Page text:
Authorial revision, including the type of additions, mending and altering recorded by Henslowe, could occur at any stage of a play’s transmission and could include simple updating, for example, changing references to the Queen (Elizabeth I) in the 1602 Quarto 1 of The Merry Wives of Windsor to the King (James I) in the Folio, or adjusting for later audience taste, or the removal of oaths after the Act to Restrain Abuses of Players of 1606. But sometimes the revision was apparently due to Shakespeare’s changing artistic vision. He altered, added or deleted characters, plots, and structures. He also responded to the demands of censorship and changes in acting company, venue or audience, as well as the political climate. These revisions are traceable by comparing Quarto and Folio texts particularly of The Merry Wives of Windsor, A Midsummer Night’s Dream, Titus Andronicus, Love’s Labour’s Lost, Romeo and Juliet, the Henry IV plays and the Henry VI plays, Othello, Hamlet and King Lear. But authorial revision can also be found within single edition plays, for example in the Folio texts of Macbeth and Julius Caesar. It’s no surprise that his most extensive revision came in his two greatest plays, the tragedies of Hamlet and King Lear, the plays on which he probably knew his reputation would rest.

Hamlet Quarto Cover

Although a dramatist lost ownership of a play after selling it to an acting company, and an acting company lost ownership of a play after selling it to a printer, Shakespeare seemed motivated to disallow ‘bad quarto’ (and supposedly ‘pirated’) editions of his plays printed without his involvement by issuing correct versions. This was the case for the 1604/1605 Quarto 2 of Hamlet, which carries the unusual statement on its title page, ‘Newly imprinted and enlarged to almost as much againe as it was, according to the true and perfect Coppie’. Although much longer than the Folio text of the play, the two texts are clearly related and derive from Shakespeare’s pen. This is not the case for the mangled and incomplete text in the 1603 Quarto 1 edition, claiming on its title page, ‘As it hath beene diuerse times acted by His HIghnesse seruants in the Cittie of London: as also in the two Vniuersities of Cambridge and Oxford, and else-where’. In fact, there is no real evidence that the play was performed by his acting company in Oxford or Cambridge. However, most of the first Quartos do not descend from actors who cobbled together the text of the play from different sources, as was probably the case for Quarto 1 of Hamlet; in fact, many of the first and later Quarto texts and some First Folio texts seem to have been printed directly from Shakespeare’s own foul papers or fair copies. The idea that he did not participate as an artist, company- and playhouse-sharer, and businessman in the printing of most of the Quarto texts is insupportable.

It’s important to emphasise that Shakespeare did not revise because he had to, having failed in some way, but because he wanted to, most likely after he had watched a play in performance or was about to prepare it for publication. He repeatedly reminds us, including in the play-within-the play and the Epilogue in A Midsummer Night’s Dream, that theatre performance by its very nature was fluid and ever-changing, and performance depended on his continuing collaboration with actors, censors, printers, theatre audiences and readers. His revision practices were thus no different to those of such modern dramatists such as Tennessee Williams and Tom Stoppard, who later reworked their plays for various reasons. Williams’s manuscripts show that he rewrote the ending of A Streetcar Named Desire several times, partly to obscure Stanley’s violence to Blanche, and Stoppard has explained that he changed the original UK ending of Rosencrantz and Guildenstern are Dead to suit American audiences.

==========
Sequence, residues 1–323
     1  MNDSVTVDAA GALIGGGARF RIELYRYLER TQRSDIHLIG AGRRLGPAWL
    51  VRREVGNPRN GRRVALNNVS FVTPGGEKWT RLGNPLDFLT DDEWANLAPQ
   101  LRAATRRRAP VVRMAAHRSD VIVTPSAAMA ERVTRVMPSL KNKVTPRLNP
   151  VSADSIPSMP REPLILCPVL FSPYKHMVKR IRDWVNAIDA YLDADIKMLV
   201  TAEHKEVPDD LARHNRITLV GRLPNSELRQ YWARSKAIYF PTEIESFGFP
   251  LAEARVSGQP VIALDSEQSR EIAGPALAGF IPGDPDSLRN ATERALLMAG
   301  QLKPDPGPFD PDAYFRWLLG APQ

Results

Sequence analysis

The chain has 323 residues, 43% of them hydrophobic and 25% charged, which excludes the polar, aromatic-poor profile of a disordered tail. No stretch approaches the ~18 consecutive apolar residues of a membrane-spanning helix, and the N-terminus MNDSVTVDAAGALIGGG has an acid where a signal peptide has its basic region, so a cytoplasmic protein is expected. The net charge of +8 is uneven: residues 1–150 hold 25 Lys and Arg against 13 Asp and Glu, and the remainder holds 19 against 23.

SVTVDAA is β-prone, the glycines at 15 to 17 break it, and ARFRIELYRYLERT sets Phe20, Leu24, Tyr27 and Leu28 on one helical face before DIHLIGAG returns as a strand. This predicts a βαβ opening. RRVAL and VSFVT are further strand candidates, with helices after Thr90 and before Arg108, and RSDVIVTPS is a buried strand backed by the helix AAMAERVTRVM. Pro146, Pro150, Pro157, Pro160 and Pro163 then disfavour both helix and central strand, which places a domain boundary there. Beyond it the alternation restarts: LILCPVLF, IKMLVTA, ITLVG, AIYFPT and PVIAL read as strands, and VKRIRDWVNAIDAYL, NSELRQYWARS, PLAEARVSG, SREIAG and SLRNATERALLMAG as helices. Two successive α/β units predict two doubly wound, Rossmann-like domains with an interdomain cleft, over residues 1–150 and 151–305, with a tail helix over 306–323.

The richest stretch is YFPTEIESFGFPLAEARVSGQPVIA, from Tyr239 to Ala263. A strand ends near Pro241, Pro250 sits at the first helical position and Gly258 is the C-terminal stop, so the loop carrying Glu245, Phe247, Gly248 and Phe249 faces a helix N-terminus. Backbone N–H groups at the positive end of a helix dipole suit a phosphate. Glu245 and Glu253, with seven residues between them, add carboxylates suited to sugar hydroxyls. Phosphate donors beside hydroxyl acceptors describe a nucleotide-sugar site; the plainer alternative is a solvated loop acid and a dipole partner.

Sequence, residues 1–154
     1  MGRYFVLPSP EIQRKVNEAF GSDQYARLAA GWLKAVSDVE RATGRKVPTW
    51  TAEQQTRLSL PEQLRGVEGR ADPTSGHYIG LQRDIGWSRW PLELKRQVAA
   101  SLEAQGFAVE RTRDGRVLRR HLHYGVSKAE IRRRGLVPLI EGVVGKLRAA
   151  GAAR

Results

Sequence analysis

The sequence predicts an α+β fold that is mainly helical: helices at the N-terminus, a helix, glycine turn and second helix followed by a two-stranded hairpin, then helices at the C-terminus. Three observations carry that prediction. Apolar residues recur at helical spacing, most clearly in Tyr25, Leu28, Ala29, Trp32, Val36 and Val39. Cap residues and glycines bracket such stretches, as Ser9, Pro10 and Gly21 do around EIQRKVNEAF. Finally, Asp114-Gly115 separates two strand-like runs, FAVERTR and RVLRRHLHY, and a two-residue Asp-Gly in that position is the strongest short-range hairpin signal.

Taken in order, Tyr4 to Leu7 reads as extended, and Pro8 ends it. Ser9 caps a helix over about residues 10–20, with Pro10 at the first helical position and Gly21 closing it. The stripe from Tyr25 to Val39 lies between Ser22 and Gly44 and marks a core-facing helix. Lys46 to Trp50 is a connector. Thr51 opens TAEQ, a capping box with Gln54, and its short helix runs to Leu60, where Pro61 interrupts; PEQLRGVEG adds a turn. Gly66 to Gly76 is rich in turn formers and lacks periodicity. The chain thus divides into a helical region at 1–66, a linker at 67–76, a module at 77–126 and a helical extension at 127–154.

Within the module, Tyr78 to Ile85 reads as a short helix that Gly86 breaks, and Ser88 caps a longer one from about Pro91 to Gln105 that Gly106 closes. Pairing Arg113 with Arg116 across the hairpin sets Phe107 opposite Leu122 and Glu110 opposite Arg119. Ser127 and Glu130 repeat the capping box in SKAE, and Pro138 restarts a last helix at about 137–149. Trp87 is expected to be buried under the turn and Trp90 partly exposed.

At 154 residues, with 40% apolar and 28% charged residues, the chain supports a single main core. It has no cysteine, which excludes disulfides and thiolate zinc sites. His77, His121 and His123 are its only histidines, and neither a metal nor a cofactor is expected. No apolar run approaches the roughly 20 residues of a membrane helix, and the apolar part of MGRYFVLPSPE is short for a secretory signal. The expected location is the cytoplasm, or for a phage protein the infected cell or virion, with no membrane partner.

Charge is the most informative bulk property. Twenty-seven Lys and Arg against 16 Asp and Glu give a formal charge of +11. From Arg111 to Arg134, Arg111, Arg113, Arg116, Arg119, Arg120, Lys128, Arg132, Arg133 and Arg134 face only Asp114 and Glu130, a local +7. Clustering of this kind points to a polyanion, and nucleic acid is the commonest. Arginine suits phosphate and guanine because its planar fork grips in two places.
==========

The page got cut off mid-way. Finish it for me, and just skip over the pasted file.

The early editors and scholars of Shakespeare, beginning in the 18th century, including Edmond Malone and J. O Halliwell-Phillips, did not have access to all or even most of the Quartos unless they had become book collectors themselves. Even by 2023, we may not have found all the Quarto editions of the plays. The 1594 Quarto 1 of Titus Andronicus was unknown until 1904, when one copy was found and is now in the collections of the Folger Shakespeare Library. A Shakespearean play called Love’s Labour’s Won was mentioned both by Shakespeare’s admirer Francis Meres in 1598 and a bookseller in 1603, but no copy of this edition has ever surfaced. We don’t know if the play was a sequel to Love’s Labour’s Lost or the alternate title for another printed play. So there is every possibility that it and previously unknown Quarto editions of other plays may turn up.

But Shakespeare deserves the last word: in the 1600 Quarto 1 of A Midsummer Night’s Dream, Theseus’s speech in 5.1 insists that it is the pen of the imaginative ‘poet’, the contemporary name for a dramatist, that gives ‘the forms of things unknown’ their ‘shapes’, giving to ‘airy nothing’ a ‘local habitation, and name’. Shakespeare clearly began composing the speech by intending to have only ‘lovers’ and ‘madmen’ have the ‘seething brains, / Such shaping fantasies, that apprehend more, / Than cool reason ever comprehends’. But by the next line, he has added ‘the Poet’ into this company, probably adding the two words above the already written line or in the margin; he made more additions about the poet in subsequent lines. The result is that when play was first printed, the speech is badly mis-lined and hypermetric, beginning with the first mention of the poet. Thus Shakespeare revised his text to have the poet supersede the lover and the madman and become the focus of the entire speech, reminding his audience that they are nothing without him. Not surprisingly, the speech was relined, correctly, in the First Folio text of the play, probably printed from a later authorial manuscript, demonstrating that Shakespeare was paying attention not only to the Folio edition, probably being planned just before his death, but to the Quarto text that had enshrined his words about what his poetic pen could do and continue to do.

Professor Grace Ioppolo
15th March 2023

Prof. Grace Loppolo

Professor Grace Ioppolo, FSA
Professor Emerita
The University of Reading
Reading, Berkshire, UK